A mixture of mostly college liberals and African-American voters has come together to push the Democratic Party slightly leftward. The Economist, after examining the evidence, explains that the center of American politics can hold, despite the current polarization. The Economist reports:
To the naked eye, months of left-wing victories in primary elections has placed the Democratic Party on a new path towards democratic socialism. This is misleading. The lesson of this year’s primaries is that Democratic voters are pragmatists who pick the candidate who seems most likely to win.
Ever since an exodus of white conservative southerners from the Democratic Party in the 1960s, objecting to the civil-rights movement, the party has maintained a fragile balance between a coalition of different demographic and social groups. Left-leaning college educated whites, blue-collar social conservatives and nonwhites—especially African Americans—unite under the Democratic banner to elect candidates who reflect a wide array of interests.
Because the party is made up of a coalition of interests from diverse backgrounds, ideological debates have not typically become wedge issues for the Democrats. Whereas being pro-choice is nearly a death sentence for a Republican candidate, a Democrat can take a pro-gun position in 2018 and still find a friendly electorate (Conor Lamb in Pennsylvania is a good example). There is plenty of room for ideological disagreement inside the Democrats’ big tent. According to the Pew Research Centre, just under half of Democrats describe themselves as liberal (meaning leftish), compared with two-thirds of Republicans who say they are conservative. Democratic voters are far from being the no-compromise liberals that the victories of Ms Cortez and Ms Pressley might suggest.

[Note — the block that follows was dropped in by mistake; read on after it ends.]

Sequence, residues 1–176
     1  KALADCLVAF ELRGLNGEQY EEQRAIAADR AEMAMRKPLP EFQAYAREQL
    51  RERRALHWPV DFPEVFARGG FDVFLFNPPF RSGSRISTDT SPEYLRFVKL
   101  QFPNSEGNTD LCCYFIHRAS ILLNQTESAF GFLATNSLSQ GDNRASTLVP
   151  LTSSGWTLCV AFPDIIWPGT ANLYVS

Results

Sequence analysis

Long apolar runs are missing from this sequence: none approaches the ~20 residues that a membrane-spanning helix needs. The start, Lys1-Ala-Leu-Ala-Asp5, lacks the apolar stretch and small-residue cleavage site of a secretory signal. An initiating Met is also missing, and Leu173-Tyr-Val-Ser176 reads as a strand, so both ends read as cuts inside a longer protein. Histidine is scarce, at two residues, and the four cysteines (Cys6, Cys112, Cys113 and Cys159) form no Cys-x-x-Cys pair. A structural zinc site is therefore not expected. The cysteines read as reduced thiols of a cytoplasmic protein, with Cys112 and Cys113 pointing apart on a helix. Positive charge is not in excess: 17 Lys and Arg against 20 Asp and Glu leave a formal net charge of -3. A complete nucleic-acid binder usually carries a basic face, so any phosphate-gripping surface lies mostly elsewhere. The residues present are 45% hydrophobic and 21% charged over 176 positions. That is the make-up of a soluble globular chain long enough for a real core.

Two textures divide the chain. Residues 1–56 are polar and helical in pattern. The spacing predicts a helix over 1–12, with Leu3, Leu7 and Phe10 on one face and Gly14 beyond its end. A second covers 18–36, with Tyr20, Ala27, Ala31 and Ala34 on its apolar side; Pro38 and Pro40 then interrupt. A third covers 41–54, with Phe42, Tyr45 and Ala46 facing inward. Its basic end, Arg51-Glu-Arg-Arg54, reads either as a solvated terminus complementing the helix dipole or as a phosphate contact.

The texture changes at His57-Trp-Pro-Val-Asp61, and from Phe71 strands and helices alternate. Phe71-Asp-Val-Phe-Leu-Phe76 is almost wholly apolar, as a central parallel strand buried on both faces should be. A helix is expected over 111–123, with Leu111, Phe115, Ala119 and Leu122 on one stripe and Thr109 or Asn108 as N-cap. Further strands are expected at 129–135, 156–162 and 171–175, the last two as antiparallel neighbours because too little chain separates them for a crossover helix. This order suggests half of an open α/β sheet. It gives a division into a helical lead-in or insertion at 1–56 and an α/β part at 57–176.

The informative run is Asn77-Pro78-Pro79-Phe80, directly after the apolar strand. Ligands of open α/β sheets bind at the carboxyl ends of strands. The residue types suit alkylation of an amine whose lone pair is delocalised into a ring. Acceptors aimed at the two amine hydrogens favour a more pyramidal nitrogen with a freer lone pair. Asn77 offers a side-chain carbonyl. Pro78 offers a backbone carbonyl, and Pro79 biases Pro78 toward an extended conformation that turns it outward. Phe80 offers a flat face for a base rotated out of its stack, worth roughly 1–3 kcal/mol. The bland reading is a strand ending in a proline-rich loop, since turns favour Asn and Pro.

That said, the party has moved leftward a bit. The same Pew Research Centre study found that 28% of partisans described themselves as liberal in 2000, compared with 46% in 2017. The candidates have moved, too. The Economist’s analysis of a measure of candidate ideology, developed by Adam Bonica of Stanford University, finds that the average Democratic primary-winner in 2018 is indeed more liberal than in 2016 (see chart). Democratic candidates are also more scattered over the ideological spectrum than they have been in recent years. A higher share are either extremely liberal or atypically moderate compared with previous cycles.
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